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COVID-19 at Tyson Foods in Camilla: Union Says Two Workers Dead, Several Quarantined

CAMILLA, Ga. (CW69 News at 10) -- A union representing poultry workers said a company failed to put proper protocols in place that could have prevented deaths and quarantines related to COVID-19.

The Retail, Wholesale and Department Store Union (RWDSU) reported in an April 7 press release that two Tyson Foods workers in Camilla who tested positive for coronavirus have died and several workers are sick or now under quarantine.

The union said it represents 2,000 employees at the Camilla plant and said Tyson's delayed response to the coronavirus epidemic and failure to implement social distancing and provide personal protective equipment (PPEs) to workers resulted in the deaths and positive cases.

While RWDSU represents workers at a number of U.S. supply chains, including General Mills and Coca-Cola, it said "the poultry industry as a whole is getting it wrong, and the consequences of its slow response are fatal for too many RWDSU members."

Edgar Fields, President of the Southeast Council of the RWDSU, said in the release:

What's happening in Camilla, Georgia is a clear example of how not to do things. It's too little too late here, and I hope sharing our story will help stop other communities from being exploited by corporate America. Our members have been pleading with the company for weeks, and the company has done nothing here. When I speak to our members I hear real fear in their voices, and their voices must be heard. The poultry industry can and must act now.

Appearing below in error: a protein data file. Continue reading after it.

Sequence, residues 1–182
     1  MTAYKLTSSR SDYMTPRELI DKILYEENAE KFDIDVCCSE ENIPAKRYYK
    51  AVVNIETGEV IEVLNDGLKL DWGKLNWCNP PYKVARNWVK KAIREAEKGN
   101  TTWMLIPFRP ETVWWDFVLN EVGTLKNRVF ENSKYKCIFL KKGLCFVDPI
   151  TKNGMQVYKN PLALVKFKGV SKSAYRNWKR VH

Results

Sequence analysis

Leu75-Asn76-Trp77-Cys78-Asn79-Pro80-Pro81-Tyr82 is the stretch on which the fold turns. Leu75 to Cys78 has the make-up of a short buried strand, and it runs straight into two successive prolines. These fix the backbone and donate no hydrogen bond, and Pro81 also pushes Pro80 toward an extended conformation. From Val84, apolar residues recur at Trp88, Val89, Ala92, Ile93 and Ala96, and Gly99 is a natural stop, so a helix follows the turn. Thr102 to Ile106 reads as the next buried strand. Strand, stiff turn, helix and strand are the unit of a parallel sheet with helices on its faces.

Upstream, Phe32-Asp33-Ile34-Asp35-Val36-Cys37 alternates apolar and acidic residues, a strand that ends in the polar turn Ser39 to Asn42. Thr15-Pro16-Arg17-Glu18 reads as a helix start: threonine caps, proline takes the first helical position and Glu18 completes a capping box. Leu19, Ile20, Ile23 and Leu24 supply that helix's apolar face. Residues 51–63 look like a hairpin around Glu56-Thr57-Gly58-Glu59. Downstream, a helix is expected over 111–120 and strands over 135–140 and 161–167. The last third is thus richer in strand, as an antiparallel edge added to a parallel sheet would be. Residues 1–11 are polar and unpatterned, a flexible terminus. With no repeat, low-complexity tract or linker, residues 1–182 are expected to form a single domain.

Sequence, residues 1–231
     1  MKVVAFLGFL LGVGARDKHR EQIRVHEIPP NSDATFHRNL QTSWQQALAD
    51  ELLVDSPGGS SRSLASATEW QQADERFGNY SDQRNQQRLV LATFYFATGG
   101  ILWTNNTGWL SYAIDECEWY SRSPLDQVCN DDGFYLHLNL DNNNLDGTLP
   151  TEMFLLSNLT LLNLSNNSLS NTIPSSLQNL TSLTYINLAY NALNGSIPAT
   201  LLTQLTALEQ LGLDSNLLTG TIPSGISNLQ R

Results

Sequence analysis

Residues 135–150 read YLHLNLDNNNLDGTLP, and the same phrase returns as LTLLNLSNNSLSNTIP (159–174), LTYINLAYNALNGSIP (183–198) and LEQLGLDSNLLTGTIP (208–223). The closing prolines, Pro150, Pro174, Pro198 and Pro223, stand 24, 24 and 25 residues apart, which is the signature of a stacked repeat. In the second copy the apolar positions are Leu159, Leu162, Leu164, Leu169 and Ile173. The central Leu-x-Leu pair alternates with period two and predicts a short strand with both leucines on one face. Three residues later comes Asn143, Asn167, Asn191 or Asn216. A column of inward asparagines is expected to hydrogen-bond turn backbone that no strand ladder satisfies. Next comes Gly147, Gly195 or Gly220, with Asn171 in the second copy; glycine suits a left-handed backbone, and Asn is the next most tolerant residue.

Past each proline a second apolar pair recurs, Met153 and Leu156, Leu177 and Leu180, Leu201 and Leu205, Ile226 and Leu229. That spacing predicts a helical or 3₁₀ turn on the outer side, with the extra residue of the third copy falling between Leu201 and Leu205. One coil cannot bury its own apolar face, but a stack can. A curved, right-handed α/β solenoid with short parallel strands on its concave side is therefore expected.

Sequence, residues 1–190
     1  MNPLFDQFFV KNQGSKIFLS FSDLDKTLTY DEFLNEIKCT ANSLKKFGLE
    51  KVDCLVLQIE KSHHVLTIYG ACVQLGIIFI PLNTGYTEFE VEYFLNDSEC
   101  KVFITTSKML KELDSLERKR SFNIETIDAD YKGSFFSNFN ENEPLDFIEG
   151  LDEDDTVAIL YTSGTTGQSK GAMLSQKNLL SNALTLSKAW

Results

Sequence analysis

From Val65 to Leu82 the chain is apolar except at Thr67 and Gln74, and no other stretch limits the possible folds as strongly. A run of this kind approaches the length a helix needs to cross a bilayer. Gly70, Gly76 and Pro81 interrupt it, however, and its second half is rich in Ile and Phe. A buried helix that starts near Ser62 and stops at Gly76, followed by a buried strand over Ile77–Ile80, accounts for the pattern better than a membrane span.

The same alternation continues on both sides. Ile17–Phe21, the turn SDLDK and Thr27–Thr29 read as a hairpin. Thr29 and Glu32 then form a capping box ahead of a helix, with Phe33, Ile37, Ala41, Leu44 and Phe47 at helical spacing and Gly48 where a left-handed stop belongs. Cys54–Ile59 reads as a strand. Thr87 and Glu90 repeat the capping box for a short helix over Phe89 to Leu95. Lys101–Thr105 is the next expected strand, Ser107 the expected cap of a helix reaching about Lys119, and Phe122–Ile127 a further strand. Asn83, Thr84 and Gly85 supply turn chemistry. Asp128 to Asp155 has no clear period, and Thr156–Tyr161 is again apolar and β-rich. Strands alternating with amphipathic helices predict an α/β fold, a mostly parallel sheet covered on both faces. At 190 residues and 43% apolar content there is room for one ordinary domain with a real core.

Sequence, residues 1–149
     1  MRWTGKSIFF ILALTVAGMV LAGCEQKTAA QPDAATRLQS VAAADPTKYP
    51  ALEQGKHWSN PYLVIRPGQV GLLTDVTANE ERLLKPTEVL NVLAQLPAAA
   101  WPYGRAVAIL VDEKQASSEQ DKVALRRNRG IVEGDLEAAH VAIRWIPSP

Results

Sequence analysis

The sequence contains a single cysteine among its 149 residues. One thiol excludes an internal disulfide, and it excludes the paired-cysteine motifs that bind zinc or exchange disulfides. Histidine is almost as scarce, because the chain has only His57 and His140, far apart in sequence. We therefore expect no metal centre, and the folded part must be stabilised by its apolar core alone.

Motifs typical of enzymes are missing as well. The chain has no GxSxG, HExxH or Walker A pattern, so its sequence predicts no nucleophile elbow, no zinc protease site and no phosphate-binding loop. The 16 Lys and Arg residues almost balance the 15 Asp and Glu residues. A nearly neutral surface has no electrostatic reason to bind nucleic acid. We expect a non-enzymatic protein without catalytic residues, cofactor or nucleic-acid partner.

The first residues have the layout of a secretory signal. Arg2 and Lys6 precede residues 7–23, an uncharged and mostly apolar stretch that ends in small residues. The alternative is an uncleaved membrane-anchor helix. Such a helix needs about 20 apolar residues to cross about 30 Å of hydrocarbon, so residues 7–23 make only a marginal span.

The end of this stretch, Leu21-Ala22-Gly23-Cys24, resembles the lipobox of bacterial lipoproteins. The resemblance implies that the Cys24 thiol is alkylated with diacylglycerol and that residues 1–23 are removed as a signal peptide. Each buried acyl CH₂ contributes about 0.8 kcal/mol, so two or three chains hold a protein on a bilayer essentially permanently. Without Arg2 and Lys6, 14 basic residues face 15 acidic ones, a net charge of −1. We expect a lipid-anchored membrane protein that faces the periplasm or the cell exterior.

RWDSU called on the poultry industry to take swift action and listed several demands, including notifying union and workforce officials when an employee tests positive for coronavirus and shutting down for at least 72 hours to implement health and safety procedures and install applicable safety equipment.

Worth Sparkman with Tyson Foods' External Communications issued this response:

We continue working diligently to protect our team members at Camilla and elsewhere against what many industries around the world have learned is a challenging and ever-changing situation. We were one of the first food companies to start taking worker temperatures before they enter our facilities. We also stepped up deep cleaning in our plants and implemented social distancing measures, such as installing dividers between workstations and increasing the space between workers on the production floor by slowing production lines. Workers at Camilla and other locations have access to protective face coverings, which we were actively sourcing before the CDC released its recent guidance advising that individuals wear facial coverings, and we're aggressively securing more from sources around the world.  We've been in frequent contact with the RWDSU and the UFCW (United Food and Commercial Workers union) about the measures we've taken to protect our team members.

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